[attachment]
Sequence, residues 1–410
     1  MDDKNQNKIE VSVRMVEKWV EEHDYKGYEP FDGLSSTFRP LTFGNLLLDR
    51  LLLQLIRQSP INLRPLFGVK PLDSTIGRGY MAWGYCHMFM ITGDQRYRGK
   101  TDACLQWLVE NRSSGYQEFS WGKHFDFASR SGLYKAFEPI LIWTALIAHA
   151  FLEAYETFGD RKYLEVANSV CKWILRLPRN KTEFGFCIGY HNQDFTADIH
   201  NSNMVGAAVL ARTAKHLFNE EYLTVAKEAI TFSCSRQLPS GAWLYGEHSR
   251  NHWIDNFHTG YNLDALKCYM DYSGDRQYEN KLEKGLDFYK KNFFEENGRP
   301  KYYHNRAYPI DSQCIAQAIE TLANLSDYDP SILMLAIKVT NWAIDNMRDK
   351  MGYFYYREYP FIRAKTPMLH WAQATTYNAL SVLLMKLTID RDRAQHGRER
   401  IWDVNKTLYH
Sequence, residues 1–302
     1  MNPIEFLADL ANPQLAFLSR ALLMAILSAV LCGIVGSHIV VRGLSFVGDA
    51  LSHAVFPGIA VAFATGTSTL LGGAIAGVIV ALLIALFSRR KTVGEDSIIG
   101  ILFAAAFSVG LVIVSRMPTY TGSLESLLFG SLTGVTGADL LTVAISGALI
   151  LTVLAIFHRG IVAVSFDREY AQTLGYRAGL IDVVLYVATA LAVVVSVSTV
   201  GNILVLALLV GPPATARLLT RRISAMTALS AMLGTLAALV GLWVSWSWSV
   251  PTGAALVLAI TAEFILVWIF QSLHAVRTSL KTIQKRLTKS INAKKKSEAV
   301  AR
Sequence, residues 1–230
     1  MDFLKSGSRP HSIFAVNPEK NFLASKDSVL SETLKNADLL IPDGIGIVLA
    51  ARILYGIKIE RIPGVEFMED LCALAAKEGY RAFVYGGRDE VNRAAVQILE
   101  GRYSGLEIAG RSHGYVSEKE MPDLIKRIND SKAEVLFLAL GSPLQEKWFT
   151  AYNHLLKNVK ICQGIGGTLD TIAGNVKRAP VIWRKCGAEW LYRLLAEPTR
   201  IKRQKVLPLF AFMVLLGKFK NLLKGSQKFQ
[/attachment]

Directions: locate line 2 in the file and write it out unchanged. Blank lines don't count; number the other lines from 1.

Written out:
     1  MDDKNQNKIE VSVRMVEKWV EEHDYKGYEP FDGLSSTFRP LTFGNLLLDR